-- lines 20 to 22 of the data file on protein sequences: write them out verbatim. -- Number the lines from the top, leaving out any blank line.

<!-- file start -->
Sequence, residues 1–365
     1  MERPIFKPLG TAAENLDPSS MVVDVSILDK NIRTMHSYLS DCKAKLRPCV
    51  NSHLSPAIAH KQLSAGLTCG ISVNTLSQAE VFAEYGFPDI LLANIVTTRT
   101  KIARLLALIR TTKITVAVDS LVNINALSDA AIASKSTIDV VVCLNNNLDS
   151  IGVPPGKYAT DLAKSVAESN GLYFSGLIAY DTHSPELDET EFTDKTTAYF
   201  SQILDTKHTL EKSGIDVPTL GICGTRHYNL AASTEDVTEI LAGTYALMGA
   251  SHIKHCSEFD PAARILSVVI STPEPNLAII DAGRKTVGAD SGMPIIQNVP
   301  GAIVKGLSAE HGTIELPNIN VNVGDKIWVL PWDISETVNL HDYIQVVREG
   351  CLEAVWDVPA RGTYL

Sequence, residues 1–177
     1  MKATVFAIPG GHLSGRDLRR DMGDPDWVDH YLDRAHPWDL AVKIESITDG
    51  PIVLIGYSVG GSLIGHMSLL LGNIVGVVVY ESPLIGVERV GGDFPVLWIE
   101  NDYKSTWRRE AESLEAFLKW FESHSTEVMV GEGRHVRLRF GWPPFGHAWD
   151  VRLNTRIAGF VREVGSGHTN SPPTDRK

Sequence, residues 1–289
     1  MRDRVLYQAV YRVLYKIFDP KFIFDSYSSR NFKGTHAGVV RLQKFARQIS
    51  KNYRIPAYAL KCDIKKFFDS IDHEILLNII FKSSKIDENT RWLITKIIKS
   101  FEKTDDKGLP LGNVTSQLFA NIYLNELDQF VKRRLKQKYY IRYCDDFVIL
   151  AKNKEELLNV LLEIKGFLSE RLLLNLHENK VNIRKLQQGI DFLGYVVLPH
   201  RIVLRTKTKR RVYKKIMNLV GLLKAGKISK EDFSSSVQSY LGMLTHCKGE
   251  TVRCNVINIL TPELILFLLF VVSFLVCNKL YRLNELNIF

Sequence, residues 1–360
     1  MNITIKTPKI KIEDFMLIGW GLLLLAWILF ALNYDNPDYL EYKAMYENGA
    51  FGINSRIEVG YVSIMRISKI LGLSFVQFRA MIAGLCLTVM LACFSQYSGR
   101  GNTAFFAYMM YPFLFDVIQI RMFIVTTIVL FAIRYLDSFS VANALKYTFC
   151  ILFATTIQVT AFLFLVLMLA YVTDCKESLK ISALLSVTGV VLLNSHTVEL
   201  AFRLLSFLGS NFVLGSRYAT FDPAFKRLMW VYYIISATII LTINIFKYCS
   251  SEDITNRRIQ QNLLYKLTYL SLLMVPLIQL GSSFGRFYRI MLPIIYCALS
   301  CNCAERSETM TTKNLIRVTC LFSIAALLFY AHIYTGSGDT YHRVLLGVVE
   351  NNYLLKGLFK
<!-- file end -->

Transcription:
   201  RIVLRTKTKR RVYKKIMNLV GLLKAGKISK EDFSSSVQSY LGMLTHCKGE
   251  TVRCNVINIL TPELILFLLF VVSFLVCNKL YRLNELNIF

Sequence, residues 1–360